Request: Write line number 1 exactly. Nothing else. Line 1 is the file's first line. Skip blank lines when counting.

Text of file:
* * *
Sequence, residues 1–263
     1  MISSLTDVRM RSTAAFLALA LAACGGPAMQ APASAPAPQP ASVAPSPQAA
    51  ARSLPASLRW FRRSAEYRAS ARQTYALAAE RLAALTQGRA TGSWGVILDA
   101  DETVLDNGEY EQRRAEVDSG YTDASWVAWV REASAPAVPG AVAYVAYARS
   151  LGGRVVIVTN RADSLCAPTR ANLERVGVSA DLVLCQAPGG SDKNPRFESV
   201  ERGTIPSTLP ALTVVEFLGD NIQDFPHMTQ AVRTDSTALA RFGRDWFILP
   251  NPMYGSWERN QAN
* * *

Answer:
Sequence, residues 1–263